We need bright, independent and feisty voices like you in journalism, Ghausia. Don’t veer off course and forget about this field, no matter what the obstacles. We are living in increasingly dangerous times, so there will always be risks, but I’m confident you’ll take it in your stride. Best of luck :) Recommend

  • Shazray

    The virulent outburst and the lengthy defence despite the claim that would not do so in the same sentence suggests I WAS right. Touchy touchy !!! The poor thing didnt get admission anywhere good did she. My sympathies are with you. There has always been something in Enid Blyton’s books which has inspired so many journalists out there. Hurray to another make believe martyr. Recommend

  • Shazray

    By the way if you had even a tiny whif of real journalistic skills which enid blyton inspired in you, you would not have required mazhar abbas’s lecture to inform you of the dangers associated with journalist. I hope this one does not hurt you that much. Ouch !!!Recommend

  • http://grsalam.wordpress.com Ghausia

    @Saad Durrani:
    For a journalist life is too short, thanks a lot, that makes me feel better. :D But yes, I get what you mean. Better to just keep doing what you can and worry about death when its staring you in the face.

    @Safi lol thank you, for the compliment and vociferous defense.

    @Maheen I think you’re the first person that’s ever called me feisty, yay. Thank you.

    Thank you all for the positive feedback, lord knows my tiny self-esteem could use it. :) And as for the haters, well as my mom always says, “The best answer to a fool is silence”. Not to mention, I’m past the age where I sit and have flame wars with sad little Internet trolls that live in their parent’s basement. :)Recommend

  • http://wasioabbasi.wordpress.com Wasio Ali Khan Abbasi

    @Shazray:
    As kids most boys back in late 80s and throughout 90s wanted to be fighter pilots. I guess Tom Cruise’s acting in Top Gun influenced us much more than he ever dreamed. Did we realized at that time the dangers of flying or the tough training that would be for naught if I crashed and died on my first solo flight? My own dream for becoming a pilot was gone when my eyesight was declared terribly weak and ended up wearing glasses, but often reading in paper that PAF plane crashed during routine flight does give a flashback to the days when I wanted to be a pilot and a possible future when my friends and family might have read the same news about me crashing and dying. That doesn’t sound as a martyr at all and no heroism as well. As kids the dangers seemed more fun and thrilling than anything else while now I can see how dangerous flying really is, especially if you are a commercial pilot responsible for hundreds of lives.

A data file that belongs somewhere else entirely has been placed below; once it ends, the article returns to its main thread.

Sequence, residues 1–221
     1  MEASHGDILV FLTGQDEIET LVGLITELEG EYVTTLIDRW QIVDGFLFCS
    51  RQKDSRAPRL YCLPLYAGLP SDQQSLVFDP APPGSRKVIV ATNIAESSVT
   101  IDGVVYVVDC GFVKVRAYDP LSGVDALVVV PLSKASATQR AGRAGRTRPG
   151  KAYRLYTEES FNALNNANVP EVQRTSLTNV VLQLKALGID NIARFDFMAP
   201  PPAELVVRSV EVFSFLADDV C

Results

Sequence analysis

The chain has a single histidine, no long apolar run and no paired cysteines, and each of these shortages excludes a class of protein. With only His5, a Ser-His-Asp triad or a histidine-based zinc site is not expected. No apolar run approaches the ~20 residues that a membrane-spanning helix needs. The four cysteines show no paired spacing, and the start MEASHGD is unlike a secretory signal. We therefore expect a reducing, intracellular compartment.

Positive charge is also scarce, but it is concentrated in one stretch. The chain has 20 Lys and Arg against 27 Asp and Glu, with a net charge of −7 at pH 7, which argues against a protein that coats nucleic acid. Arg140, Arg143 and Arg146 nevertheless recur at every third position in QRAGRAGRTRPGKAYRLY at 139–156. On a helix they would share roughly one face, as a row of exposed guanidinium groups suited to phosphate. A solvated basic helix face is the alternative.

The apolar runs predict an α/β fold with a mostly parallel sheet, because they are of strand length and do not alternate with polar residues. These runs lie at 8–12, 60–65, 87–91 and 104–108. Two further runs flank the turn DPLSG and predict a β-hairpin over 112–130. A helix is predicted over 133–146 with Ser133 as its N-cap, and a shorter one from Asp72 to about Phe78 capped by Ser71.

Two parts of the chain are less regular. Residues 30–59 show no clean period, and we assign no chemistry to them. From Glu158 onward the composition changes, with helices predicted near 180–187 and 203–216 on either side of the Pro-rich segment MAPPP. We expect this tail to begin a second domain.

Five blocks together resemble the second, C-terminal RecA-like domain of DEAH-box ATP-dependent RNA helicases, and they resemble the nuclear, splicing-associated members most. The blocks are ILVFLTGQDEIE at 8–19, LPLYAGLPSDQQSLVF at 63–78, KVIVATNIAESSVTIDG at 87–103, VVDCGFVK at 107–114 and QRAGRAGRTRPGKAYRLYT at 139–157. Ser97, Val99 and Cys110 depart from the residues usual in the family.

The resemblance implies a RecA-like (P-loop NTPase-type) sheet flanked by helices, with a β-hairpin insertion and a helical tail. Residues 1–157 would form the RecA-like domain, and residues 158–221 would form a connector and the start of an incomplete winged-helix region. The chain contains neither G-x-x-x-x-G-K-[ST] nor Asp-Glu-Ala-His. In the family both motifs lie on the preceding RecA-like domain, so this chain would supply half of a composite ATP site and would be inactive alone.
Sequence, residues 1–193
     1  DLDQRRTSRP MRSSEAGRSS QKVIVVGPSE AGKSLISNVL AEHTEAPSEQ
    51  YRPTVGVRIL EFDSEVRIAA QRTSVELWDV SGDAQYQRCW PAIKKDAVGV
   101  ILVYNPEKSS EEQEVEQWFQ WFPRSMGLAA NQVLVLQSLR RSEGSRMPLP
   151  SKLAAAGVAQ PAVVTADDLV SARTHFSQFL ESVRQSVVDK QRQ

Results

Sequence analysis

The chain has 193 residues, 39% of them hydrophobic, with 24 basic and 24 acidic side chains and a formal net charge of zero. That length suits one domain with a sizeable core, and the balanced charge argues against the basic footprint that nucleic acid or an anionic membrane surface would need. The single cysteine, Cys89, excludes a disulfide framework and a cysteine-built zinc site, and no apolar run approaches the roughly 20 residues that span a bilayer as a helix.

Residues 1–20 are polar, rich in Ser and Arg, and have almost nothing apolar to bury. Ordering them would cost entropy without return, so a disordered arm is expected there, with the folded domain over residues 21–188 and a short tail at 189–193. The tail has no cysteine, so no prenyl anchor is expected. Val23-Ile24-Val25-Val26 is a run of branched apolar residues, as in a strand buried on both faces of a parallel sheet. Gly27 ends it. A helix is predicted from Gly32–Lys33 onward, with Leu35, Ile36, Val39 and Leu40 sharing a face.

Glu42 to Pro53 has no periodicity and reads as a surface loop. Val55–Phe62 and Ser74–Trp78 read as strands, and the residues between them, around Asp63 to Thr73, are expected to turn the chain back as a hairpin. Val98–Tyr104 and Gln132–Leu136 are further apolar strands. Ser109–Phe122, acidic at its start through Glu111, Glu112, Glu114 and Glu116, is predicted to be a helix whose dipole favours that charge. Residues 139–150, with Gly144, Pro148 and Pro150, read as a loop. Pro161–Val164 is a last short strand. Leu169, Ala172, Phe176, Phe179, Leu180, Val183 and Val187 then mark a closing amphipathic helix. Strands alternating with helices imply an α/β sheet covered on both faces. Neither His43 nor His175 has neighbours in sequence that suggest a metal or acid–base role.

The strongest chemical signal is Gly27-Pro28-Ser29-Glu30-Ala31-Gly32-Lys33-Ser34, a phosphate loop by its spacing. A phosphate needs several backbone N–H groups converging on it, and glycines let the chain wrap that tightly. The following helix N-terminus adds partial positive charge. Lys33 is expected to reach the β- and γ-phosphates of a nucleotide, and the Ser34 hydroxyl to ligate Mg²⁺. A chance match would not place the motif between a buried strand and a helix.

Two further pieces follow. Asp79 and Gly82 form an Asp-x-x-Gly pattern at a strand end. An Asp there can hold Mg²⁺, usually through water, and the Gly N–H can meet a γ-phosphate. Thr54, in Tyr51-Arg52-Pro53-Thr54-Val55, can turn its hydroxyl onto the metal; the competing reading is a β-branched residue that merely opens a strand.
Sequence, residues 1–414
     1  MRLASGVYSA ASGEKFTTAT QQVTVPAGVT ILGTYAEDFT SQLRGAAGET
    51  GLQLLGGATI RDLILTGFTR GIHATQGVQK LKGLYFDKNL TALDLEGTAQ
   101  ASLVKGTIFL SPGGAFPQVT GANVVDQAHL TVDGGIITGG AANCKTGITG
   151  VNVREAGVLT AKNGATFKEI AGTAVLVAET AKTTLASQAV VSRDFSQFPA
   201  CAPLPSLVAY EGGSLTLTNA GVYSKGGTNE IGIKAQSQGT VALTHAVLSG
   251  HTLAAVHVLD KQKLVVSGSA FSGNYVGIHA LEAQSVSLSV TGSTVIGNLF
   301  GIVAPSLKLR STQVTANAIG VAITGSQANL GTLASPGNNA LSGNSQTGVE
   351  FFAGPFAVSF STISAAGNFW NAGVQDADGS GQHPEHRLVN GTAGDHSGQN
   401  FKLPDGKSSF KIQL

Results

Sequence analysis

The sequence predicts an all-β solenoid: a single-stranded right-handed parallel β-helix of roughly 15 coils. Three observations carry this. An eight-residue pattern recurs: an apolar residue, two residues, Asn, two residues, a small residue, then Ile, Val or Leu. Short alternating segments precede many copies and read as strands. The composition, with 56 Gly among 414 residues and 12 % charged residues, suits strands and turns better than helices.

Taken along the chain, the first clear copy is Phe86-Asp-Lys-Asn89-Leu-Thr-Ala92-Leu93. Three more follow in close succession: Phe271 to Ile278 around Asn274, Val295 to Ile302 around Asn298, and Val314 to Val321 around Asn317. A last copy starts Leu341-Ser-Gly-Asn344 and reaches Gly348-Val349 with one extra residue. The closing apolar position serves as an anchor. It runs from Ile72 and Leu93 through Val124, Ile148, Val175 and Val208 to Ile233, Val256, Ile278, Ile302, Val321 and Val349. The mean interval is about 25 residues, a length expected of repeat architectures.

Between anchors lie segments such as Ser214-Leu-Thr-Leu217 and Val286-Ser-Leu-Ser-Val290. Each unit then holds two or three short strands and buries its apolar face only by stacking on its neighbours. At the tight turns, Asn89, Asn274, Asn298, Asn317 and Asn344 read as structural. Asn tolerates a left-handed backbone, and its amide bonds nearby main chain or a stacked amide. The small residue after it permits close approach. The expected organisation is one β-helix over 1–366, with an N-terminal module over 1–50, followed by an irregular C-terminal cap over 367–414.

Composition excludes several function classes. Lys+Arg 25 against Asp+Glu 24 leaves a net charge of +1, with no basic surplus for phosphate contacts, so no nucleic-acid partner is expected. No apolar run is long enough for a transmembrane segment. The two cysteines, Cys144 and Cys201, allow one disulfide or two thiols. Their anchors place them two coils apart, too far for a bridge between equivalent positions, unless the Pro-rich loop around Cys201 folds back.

The same way the journalistic dream of Ghausia is inspired by a book and she is not limited by any serious means the way I was, so the whole package of Journalism was attractive to her. Only now that she has grown up and realized what it actually entails to be a journalist did she felt the real dangers that come with the job. It’s nothing about being a hero or a martyr … hell, it’s not even about having second thoughts. It is just about finally getting into the depths and fishing out the real deal of becoming a journalist.
    So if you don’t have anything to say in support of someone’s dream, at least don’t troll around in an attempt to garner cheap publicity.Recommend

  • Ain

    @ Ghausia: Nope girl you shouldn’t be afraid to achieve your dreams. you ‘re a talented writer .good luckRecommend

  • Mahvesh

    I love how Ghausia gets so defensive and offended at comments.Recommend

  • http://dosrarukh.com/ Daniyal Danish

    Journalism is not a nine to five job.Its passion, passion to change the country.Only brave people come in this profession, who wants to deliver for this beloved country.
    I am a journalist and welcome you.
    Recommend

  • http://grsalam.wordpress.com Ghausia

    @Wasio much obliged for the defense. I’d like to point out btw, that I never said Enid Blyton inspired me to be a journalist, but rather, to write, and that love of writing led me to where I am today. :)

    @Ain thank you, very kind of you.

    @Mahvesh aww you’re welcome honey, I’m glad I was able to brighten up an otherwise dull existence for you. :)

    @Daniyal thank you, that’s very nice of you. It truly does require a lot of courage, I just hope I can step up to the task, because I really want to, more than anything in the world.Recommend

  • Ramisha

    @Shazray: Ignorant commenters like yourself need to learn to stop pre-judging. It really does make you seem like a “Bleep Bleep Bleep”Recommend

  • JS

    A very neat piece of writing indeed!

    Journalism is somehow related to politics and everything related to politics is dangerous in Pakistan because people are intolerant.

    One has to think long and hard before entering into such domain, as once the choice is made, there is no coming back.

    Anyway, best of luck in your future endeavours.Recommend

  • shazray